I've made prints in the past for various reasons, and I always return to The Print Space. Their C-Type photo printing is fantastic, and the Giclée process for art prints is second to none. The blackness of their blank ink on Hahnemühle German Etching paper is stunning; colours are bold and strong, just holding it and absorbing the print's quality is an experience.

One problem with The Print Space though is despite what I said above about running my plots slowly to improve the quality; their printing process is almost too perfect. If I tell it to print a solid slab of black, that's exactly what I'll get. But because I love screen/wood/lino/riso prints so much I wanted to capture some of that.

So I use True Grit Texture Supply's Atomica Photoshop actions over the image, Atomica (and I quote here) "effortlessly reproduces the analogue imperfections of mid-century printing". Now The Print Space can perfectly print an imperfect print, that absolutly captures everything I love about print.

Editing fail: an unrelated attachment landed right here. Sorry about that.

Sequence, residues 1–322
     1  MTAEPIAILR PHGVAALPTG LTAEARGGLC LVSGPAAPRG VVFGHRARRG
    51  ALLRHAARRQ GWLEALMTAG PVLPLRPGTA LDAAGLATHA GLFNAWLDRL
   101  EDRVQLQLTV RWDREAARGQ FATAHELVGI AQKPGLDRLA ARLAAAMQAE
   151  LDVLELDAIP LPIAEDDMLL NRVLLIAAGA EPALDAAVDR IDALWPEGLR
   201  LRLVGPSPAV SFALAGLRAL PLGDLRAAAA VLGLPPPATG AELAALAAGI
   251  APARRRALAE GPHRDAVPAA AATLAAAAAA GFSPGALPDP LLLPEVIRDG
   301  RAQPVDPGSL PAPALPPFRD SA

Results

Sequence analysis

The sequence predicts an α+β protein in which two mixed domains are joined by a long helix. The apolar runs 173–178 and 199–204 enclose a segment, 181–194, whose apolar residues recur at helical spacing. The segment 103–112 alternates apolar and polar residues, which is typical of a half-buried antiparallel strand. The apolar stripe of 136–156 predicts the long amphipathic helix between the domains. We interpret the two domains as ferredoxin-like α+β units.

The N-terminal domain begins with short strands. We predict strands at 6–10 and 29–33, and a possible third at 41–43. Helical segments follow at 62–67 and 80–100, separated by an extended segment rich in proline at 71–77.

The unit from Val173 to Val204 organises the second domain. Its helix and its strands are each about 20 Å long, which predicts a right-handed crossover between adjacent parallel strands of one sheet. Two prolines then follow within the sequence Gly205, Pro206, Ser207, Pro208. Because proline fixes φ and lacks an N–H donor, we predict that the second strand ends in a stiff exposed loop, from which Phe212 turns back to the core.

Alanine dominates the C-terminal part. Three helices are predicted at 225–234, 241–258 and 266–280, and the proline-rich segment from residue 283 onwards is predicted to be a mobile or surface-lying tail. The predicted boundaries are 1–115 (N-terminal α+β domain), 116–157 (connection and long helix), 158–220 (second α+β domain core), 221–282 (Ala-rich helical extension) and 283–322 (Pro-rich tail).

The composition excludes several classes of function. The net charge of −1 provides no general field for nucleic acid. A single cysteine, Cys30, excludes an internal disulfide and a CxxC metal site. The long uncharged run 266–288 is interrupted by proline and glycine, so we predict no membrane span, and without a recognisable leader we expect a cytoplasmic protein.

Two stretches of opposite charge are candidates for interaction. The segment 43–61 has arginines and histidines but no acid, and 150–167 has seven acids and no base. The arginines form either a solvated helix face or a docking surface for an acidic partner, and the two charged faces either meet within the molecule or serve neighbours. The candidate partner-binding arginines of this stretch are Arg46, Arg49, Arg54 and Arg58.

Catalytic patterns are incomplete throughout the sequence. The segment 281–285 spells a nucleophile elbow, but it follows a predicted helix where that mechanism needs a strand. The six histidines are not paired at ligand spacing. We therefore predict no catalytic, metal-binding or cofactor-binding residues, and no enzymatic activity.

I also love their Debaser and Distress Press actions, but neither is the effect I want for the pen plots. Slight ink bleed and realistic ink coverage is Atomica all over and precisely what I was looking for.

Now, thanks to using a real pen plotter, an eInk tablet that simulates ink flow, and a bit of design to affect the inky printing process I love, precisely printed by a top-end professional printer I'm finally ready to sell prints.

Well, ten of them (at A3 size) to start with, 15 if you want a more manageable A4 size.

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Nerdy business stuff